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Summary

Summary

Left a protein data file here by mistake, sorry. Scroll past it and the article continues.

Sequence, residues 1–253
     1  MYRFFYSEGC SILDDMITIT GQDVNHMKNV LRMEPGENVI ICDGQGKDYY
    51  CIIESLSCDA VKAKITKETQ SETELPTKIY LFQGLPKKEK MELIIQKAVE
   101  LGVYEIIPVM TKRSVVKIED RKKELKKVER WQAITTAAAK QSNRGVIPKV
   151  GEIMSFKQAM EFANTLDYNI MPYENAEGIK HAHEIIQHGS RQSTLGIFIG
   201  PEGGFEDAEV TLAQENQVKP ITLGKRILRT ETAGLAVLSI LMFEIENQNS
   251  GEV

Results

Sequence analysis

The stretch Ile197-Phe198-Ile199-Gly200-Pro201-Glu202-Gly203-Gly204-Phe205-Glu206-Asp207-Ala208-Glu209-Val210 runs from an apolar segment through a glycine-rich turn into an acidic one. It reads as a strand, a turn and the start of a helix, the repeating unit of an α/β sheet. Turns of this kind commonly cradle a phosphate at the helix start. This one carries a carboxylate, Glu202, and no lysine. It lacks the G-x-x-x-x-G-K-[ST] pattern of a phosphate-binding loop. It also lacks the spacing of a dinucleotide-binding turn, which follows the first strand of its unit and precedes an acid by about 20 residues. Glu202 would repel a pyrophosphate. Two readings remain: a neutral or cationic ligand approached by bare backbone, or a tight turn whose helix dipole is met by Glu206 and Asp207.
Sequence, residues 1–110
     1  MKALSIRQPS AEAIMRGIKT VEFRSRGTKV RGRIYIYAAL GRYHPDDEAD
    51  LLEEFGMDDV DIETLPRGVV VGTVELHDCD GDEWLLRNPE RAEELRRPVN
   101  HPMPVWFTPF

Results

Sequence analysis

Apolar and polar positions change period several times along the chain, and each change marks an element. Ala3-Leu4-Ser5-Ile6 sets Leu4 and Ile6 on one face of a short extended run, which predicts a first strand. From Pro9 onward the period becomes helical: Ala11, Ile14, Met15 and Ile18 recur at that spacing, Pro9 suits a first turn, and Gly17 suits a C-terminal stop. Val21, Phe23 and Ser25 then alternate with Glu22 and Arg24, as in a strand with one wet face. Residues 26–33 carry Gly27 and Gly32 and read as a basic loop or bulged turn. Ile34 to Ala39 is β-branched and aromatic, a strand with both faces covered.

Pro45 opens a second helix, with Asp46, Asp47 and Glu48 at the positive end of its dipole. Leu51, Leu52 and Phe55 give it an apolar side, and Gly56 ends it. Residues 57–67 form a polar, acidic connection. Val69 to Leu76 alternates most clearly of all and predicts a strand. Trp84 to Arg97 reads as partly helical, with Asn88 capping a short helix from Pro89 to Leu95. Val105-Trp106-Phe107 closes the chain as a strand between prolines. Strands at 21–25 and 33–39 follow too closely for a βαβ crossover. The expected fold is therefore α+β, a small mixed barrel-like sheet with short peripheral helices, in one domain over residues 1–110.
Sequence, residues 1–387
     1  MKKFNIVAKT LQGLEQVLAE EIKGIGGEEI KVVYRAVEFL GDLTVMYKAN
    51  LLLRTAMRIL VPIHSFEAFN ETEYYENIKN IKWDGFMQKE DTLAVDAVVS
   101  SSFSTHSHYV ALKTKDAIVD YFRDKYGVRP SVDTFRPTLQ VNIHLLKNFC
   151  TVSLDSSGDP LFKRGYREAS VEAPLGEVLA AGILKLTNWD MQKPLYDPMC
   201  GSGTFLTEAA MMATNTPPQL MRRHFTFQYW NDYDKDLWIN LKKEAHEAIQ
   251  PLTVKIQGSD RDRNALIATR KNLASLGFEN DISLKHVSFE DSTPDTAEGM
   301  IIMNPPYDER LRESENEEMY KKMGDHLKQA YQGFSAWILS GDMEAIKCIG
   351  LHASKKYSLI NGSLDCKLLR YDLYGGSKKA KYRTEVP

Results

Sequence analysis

The helicopter was dropping incendiary bombs, from 100 feet above ground level, as part of a controlled bush burn. Prior to takeoff the pilot had placed his flying jacket between the rear of the pilot's seat and the incendiary delivery machine. During an incendiary dispatch run the exit chute became detached from the incendiary machine body allowing ignited bombs to fall inside the aircraft. One of these bombs set fire to the pilots jacket and this along, with the burning incendiaries, filled the cabin with dense black smoke. Despite the fact that the passengers opened their doors the dense smoke prevented the pilot from seeing anything either inside or outside the helicopter. He elected to land the aircraft immediately so the crew could extinguish the fire. During the unsighted landing in dense scrub the helicopter collided with a number of trees. It was reported that the clamp attaching the exit chute to the machine body had been secured normally prior to departure. The clamp design relied on friction only, to keep the chute in place. It is probable that natural helicopter vibration was sufficient to overcome the friction allowing the chute to separate. Once the chute separted, ignited incendiary balls were free to roll around inside the aircraft and set fire to the jacket. The design of the incendiary machine did not include any means of restricting the movement of the incendiary balls should they fall out of the machine. It was believed that the balls, which were only armed after they had entered the delivery system, could not escape. For the same reasons it was not believed that flammable material might be in danger if it was stored near the machine and consequently there were no restrictions and no placards prohibiting such storage. Safety Action Immediately following the accident the Bureau of Air Safety Investigation advised the owner of the incendiary equipment that the following modifications would improve the safety of the system. 1. A clearly visiable placard should be fitted to the incindiary machine indicating that objects should not be stored in its vicinity. 2. The chute attachment should be redisigned to make it more positive. 3. A fail safe system be designed to catch loose incindiaries. It is suggested that a metal tray, with sides, located under the dispensing machine would probably meet all requirements. The operator withdrew all similar incendery despensing devices from operations until the defects had been corrected. Redesign and modification of the devices has been completed and the machines have been returned to service.
 
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